We had a relaxing, delightful lunch and would make Café Gannet Restaurant a must-stop in Mossel Bay.
5- Small, Private Game Lodges Can Offer Niche Safaris
Would it come as any surprise that I believe each Safari experience has its merits? Located approximately 3 ½ hours (depending on road construction) from Cape Town is the Garden Route Game Lodge. The Lodge is going through a bit of an expansion. The owners of Garden Route Game Lodge are redoing the entire pool area, building a new spa, and adding more Villas. They are also acquiring more adjacent properties to increase their size.
We are placed in the Luxury Villas and the Owners’ eye for detail is clear. I found the amenities on par with 5 Star Luxury Safari Lodges. And, for those who are looking for a close Safari experience near Cape Town, Garden Route Game Lodge has exceptional Safari Guides. The other advantage with the location is that it is Malaria free. Thus, if you wanted to do a Beach / Golf / Wine South African Vacation, but still wanted to get in a Safari, this might a good place for you.
6 – Business Hotels Can Offer Great Services for the Weary Traveler
Nearing the end of my over two week Business Trip to South Africa, I chose to stay at the Protea Hotel by Marriott Stellenbosch. This is in what is called “Techno Park.” This hotel is a Conference and Meeting Center. It is so large they offer to take you to your room in a golf cart.
There is an additional Protea property in Stellenbosch, which has a spa. But, I knew I wanted to get laundry don, completely repack my two huge bags, and prepare for the 22 + hours flight home, which included an 8 hour layover in Doha, Qatar. Thus, I wanted a hotel which catered to the Business Traveler.
Disclaimer: I do get upgraded by Marriott Properties, due to my Silver Elite Status. But, I pay for all my rooms. None of the above hotels were comped. This way, I believe I can give an honest, full assessment. I do not “owe” the owners of the properties a good review.
The last two days in Stellenbosch were spent Wine Tasting & Touring. I will cover those in detail in another blog post. I had a wonderful experience on the Garden Route. This was the first proper “Road Trip” I had taken in quite a while. And, it made me want to go back and visit all the other great Lodges, Restaurants, and Properties along the famed Garden Route of South Africa.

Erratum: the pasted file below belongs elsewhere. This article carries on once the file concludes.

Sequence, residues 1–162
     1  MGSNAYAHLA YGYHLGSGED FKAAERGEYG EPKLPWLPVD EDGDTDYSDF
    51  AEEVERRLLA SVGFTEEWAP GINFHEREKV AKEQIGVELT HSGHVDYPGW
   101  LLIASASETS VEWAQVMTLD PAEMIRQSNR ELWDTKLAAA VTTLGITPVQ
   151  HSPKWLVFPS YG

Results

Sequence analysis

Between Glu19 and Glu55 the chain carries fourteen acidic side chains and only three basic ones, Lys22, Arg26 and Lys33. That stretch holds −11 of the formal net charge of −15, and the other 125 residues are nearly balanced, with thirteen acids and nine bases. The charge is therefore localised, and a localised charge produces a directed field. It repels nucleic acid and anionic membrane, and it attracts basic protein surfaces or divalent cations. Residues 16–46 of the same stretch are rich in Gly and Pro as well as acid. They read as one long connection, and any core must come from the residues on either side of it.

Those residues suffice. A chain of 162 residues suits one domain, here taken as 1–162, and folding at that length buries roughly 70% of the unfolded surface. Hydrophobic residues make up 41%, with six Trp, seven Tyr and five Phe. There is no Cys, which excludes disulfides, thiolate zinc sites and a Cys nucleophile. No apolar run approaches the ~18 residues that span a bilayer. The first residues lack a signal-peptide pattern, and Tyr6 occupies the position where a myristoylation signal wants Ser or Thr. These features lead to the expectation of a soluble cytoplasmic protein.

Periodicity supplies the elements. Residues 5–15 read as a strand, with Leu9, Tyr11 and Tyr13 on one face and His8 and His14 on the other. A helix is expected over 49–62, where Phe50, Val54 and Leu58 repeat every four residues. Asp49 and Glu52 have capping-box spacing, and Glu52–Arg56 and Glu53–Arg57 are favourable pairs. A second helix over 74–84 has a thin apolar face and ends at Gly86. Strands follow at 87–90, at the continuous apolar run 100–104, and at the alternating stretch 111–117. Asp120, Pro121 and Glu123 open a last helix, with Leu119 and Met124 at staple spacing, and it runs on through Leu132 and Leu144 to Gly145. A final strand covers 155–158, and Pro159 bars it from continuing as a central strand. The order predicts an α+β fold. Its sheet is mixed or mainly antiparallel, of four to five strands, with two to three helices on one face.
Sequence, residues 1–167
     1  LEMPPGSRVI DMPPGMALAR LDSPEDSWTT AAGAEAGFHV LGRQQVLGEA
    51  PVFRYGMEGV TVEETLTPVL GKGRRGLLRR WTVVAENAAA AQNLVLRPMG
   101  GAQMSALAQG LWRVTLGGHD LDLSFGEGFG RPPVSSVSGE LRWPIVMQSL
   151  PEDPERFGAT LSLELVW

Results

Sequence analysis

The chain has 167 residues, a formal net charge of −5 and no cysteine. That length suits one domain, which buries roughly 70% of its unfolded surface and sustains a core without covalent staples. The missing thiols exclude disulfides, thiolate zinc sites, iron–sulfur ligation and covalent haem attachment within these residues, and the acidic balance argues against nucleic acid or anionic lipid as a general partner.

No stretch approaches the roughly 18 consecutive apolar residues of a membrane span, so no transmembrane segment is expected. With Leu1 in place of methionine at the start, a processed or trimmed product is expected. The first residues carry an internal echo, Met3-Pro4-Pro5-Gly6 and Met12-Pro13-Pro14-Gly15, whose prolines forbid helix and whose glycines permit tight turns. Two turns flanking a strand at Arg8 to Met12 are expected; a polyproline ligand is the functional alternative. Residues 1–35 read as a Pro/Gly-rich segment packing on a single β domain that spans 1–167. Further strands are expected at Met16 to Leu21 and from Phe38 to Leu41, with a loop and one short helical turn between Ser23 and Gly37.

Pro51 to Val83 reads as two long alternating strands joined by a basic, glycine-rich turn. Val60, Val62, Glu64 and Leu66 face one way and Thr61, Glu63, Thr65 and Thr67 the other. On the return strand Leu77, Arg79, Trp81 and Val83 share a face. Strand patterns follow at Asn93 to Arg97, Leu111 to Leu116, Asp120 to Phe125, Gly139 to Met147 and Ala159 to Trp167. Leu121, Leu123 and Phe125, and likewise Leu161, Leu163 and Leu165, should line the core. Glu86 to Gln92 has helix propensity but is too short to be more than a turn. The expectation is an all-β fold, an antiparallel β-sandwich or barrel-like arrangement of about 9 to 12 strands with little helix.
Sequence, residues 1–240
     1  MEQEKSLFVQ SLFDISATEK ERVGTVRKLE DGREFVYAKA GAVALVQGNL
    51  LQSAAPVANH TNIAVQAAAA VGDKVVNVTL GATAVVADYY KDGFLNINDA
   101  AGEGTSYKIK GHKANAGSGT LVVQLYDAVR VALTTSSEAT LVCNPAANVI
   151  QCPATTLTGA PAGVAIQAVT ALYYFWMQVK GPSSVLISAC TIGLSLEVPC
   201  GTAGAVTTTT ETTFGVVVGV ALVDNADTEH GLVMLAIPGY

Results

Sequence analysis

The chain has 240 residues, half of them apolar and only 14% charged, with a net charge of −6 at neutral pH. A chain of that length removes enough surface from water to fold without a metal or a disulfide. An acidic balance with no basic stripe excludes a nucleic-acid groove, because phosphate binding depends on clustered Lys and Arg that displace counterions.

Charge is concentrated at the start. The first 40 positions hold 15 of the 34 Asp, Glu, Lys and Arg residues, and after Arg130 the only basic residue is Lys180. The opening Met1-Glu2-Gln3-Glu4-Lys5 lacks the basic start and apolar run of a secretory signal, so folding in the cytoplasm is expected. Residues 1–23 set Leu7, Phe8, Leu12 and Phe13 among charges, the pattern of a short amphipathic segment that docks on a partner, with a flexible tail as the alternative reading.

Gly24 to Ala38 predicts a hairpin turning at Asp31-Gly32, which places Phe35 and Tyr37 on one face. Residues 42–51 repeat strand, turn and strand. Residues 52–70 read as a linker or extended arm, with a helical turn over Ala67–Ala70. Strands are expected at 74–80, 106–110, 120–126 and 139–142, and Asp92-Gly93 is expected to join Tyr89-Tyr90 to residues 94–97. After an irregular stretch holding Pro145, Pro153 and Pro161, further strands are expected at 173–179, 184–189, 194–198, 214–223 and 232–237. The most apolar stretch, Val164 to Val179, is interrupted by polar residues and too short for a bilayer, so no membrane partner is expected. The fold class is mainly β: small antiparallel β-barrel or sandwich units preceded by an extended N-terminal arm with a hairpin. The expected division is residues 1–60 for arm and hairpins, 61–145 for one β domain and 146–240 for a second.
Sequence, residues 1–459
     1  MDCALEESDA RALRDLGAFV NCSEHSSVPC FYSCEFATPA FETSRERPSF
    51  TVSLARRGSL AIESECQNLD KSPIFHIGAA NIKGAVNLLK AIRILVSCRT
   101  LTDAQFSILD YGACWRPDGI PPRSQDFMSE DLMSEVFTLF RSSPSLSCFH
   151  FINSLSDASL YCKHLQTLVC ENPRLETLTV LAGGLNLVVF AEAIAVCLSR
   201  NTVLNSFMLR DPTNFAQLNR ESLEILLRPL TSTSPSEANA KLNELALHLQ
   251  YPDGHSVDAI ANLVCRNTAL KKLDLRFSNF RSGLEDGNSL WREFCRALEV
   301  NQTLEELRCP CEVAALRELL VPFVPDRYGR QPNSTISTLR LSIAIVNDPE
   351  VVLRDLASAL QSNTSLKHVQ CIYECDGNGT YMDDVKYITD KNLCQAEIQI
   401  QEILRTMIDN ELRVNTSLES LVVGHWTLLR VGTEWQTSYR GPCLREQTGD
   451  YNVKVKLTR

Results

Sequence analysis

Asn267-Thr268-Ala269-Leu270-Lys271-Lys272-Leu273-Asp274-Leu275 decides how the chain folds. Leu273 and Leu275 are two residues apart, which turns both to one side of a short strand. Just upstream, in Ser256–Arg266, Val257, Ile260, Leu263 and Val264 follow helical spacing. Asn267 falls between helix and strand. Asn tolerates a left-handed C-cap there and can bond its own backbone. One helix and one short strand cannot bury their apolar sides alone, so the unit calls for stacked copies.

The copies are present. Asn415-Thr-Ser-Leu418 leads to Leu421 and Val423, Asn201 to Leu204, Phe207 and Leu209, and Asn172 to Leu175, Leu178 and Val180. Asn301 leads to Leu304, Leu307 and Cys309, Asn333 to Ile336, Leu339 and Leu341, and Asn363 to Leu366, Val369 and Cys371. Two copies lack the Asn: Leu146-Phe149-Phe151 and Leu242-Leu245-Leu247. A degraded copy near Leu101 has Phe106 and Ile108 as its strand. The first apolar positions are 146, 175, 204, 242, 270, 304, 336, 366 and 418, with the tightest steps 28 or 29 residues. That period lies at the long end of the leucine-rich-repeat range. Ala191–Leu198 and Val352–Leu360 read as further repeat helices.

Living in Seoul, South Korea, I love spending time walking along the Han River and listening to podcasts. One of the podcasts I enjoy is Alexa Meisler's "Break into Travel Writing" podcast.
One day, about three years ago, I was listening to Episode 82 with Amy Northard, linked here. OH MY GOSH! This show saved my company!
Well, at the very least, the episode, “Bookkeeping for Travel Bloggers with Amy Northard” saved me from a heap of heartache with the United States Internal Revenue Service (IRS).
My husband and I have, for well over a decade, had a brilliant accountant in Virginia who does our taxes. I had really great coaches and business advisers at the Alexandria Small Business Development Center. I even had an attorney, whose specialty is the travel industry, draw-up my legal agreements.
But…I didn’t realize, until listening to this episode, that I had to report to the IRS any and ALL “freebies” I was given for my business. In particular to my company, the travel and tours to Kenya, Uganda, and South Africa as a Fully Hosted International Buyer and the Travel Show Booths I ran on behalf of the Kenyan Embassy in Seoul. All expenses and costs paid for by Tourism Boards or Exhibition Companies are INCOME! That’s right, taxable income.
So, while I love my business and wouldn’t trade the lifestyle it offers for the world, my Familiarization (Fam) Trips are work and they are taxable. But, we won’t tell the Gorillas in Uganda. They think I was there simply for pleasure and to visit their remote jungle. They don’t need to know about the IRS. ;-)
Disclaimer: I am not a financial or legal professional and the above blog is from personal experience and you should seek out a Certified Public Accountant or Legal Professional for your own business.
Where I might be permanently living had I not listened to this podcast….
So excited! Familiarization (Fam) Trip Itinerary
7th – 11th October 2016
NAIROBI, NAIVASHA AND ELDORET, KENYA
- Sports Tourism -